California Gold Rush test prep? Yes, please. The Gold Rush is such an interesting part of westward expansion. It’s this interest that got me thinking. Why not use engaging historical events that we are required to cover as a form of test prep? I’m not talking about those straightforward read and respond type of work. Instead, I am thinking more along the lines of detailed paired passage sets and constructed response opportunities that are VERY similar to the material that our 3rd-5th grade students will face on the state test.
Let me explain my thought process here. Paired passages are all the rage on the California state test (and in many other areas as well). With this said, offering paired passage sets with higher-level questions as direct practice for state testing is a smart move. With all this in mind, I tried my hand at creating some test prep. I chose to draft a Gold Rush paired passage set that aligns with questions that are often asked on these tests. You can follow steps similar to those outlined below to create your own paired passage set. Writing your own content is always best, but I know we don’t always have time. You also can use material from the Internet for classroom only use. Just make sure that you check the reading level before you present it to your students.
FICTION & NON-FICTION
In an effort to provide valid test prep opportunities, I leveraged the engaging power of the California Gold Rush to generate both fiction and non-fiction texts. Students will face similar passages on the state test. Then, I drafted questions similar to the types you will see pop up during testing. In my Gold Rush paired passages, students will first tackle a multiple choice test prep section. This focuses on higher-level thinking skills and incorporates context-based questions.
Next, students will encounter a short-answer portion. These questions elicit carefully constructed responses that force kids to make “bigger” connections. Finally, the final essay was designed to mirror a performance task. This lengthy essay response presents a detailed question that asks our kids to really read into the texts. I tossed in three essay options – narrative, informational, and opinion. All three pop up as options on the California test.
**Keep in mind that you can run with these steps for just about any history or science concept. State tests can pair two non-fiction or one fiction and one non-fiction. You also may chose to use one passage at a time before you start pairing them. This can be especially helpful with our lower kiddos. I built this option into my set and you can work this angle on your own as well.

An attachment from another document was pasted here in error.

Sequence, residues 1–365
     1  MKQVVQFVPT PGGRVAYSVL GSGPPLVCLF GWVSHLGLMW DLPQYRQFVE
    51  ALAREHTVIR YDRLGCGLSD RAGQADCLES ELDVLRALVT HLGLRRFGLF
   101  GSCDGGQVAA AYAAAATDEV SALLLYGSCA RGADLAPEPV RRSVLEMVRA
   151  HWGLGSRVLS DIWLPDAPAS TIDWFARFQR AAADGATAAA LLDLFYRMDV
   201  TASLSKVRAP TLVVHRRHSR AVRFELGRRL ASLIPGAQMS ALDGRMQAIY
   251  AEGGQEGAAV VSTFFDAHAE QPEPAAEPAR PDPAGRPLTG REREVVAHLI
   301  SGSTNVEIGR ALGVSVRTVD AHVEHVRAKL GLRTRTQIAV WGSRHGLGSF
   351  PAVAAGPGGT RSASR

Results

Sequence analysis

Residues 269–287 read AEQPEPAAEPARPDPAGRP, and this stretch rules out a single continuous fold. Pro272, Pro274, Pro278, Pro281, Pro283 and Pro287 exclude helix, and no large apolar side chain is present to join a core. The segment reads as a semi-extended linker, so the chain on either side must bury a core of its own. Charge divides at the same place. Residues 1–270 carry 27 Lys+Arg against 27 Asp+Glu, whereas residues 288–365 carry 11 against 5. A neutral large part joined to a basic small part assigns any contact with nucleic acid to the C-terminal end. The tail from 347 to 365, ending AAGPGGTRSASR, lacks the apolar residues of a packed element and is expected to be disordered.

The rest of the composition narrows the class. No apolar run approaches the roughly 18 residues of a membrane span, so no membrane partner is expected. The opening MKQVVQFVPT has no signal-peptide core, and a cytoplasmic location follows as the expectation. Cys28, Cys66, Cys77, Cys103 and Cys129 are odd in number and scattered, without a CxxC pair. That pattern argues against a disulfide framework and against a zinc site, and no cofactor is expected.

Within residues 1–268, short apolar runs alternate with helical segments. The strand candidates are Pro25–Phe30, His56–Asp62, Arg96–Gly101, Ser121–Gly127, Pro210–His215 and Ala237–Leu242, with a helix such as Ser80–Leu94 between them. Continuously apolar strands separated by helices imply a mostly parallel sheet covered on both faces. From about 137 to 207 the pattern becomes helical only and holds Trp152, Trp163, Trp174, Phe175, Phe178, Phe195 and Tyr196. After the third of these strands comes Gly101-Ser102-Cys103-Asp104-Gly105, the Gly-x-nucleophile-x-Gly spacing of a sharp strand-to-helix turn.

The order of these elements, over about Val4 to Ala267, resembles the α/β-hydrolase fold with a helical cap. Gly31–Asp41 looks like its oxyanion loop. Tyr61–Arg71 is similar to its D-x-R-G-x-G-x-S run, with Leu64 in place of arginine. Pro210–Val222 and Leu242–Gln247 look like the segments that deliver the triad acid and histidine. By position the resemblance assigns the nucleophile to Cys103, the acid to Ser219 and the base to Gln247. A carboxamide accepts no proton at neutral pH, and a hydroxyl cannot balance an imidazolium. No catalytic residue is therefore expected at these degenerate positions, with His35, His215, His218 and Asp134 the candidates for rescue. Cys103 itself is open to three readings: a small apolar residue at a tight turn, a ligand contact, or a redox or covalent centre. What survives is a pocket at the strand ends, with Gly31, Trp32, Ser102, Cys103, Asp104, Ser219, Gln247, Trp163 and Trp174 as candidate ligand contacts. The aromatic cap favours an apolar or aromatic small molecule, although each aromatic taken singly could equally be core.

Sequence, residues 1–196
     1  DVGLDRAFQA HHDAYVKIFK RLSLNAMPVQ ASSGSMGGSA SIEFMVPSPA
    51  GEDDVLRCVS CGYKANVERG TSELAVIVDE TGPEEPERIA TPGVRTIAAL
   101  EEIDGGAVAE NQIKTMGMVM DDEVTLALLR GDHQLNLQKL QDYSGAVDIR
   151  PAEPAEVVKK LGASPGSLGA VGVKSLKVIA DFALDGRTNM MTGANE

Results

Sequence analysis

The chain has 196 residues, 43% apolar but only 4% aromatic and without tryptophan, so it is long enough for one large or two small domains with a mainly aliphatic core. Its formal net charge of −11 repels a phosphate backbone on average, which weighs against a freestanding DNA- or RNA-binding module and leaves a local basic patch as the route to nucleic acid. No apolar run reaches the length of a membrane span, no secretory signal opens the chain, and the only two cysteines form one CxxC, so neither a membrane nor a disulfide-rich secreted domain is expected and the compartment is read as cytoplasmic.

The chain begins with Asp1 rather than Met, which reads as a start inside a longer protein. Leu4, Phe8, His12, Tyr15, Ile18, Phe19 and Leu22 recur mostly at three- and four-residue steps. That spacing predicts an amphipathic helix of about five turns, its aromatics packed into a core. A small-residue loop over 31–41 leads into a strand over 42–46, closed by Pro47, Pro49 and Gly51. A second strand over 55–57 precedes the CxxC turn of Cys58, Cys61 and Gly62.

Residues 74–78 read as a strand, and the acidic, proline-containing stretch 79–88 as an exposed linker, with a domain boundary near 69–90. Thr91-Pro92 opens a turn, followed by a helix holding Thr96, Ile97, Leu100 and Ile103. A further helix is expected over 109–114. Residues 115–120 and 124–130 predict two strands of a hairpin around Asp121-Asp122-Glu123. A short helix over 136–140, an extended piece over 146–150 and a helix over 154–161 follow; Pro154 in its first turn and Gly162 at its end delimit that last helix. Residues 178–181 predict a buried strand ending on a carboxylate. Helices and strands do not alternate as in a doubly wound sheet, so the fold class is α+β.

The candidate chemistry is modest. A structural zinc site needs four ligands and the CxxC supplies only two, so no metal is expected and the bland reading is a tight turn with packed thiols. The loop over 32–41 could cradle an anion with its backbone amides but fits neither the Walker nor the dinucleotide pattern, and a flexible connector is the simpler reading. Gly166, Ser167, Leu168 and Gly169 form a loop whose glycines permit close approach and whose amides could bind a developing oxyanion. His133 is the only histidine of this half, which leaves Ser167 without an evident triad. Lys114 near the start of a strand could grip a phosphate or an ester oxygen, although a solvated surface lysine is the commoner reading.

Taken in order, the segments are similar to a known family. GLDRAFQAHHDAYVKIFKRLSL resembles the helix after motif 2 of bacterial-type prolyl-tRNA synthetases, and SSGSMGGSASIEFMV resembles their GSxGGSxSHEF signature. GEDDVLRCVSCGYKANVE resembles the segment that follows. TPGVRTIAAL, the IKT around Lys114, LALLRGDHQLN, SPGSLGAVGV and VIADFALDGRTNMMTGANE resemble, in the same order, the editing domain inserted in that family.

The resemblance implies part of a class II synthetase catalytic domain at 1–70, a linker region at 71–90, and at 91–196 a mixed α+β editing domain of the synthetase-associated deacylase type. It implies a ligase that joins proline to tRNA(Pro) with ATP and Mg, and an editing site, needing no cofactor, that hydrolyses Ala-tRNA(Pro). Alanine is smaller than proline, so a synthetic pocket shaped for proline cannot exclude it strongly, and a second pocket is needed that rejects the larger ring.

To truly target meaningful test prep that mimics what our students will face, a digital option is essential. The ONLINE testing students are being asked to complete absolutely floors me. I know that I struggle reading off a screen. Even though I am old as all get out, students also often struggle when attempting to make the digital jump. With this said, I believe that practice with paired texts, note taking, and response writing should be completed on the computer as much as possible. After all, practice makes perfect!
My Gold Rush paired passage set offers a digital option that can be used with either Google Slides or Google Classroom. **You can create digital experiences too. Simply create or load the desired test prep practice into Google Slides or Google Classroom and assign the work to your students. While good old paper-pencil still has it’s place, picking a handful of practice exercises that provide online exposure is essential.
USE YOUR STATE TEST AS A GUIDE
Once you find or create texts to pair, drafting questions is not always easy. I spent hours trying to come up with questions that are similar to those students have faced on previous tests. The EDAMS and CAASSP sites became my guides (I am California based). Just as our test has practice options, so do most others. Go in and take a peek at your state test. Use release questions and practice tests to help draft some test prep of your own. Below is an example of what our poor students face in California and this is just a section of it. Students get to the passages and by scrolling (insert eye roll). As stated above, children will face multiple choice, short answer, and a lengthy essay response that MUST include text-based evidence.
Despite my opinion of California’s state test, creating smart test prep that helps our students “experience” the test taking process just makes sense. Providing valid test-like situations helps our students show what they really know. I’m not advocating that we teach to the test. Instead, I am urging that we practice this new testing format so our students are not caught off guard when they sit down to take the actual test.
Alright. There you have it. A post dedicated to helping your kids show that state test who’s boss. If you are interested in a ready to roll test prep set, check California Gold Rush paired passages packet. I will have a few more this year and will be working on even more this summer. What can I say? I have persuasive friends in the upper grades 😉
Thanks for taking the time to visit me today. I hope to see you back soon.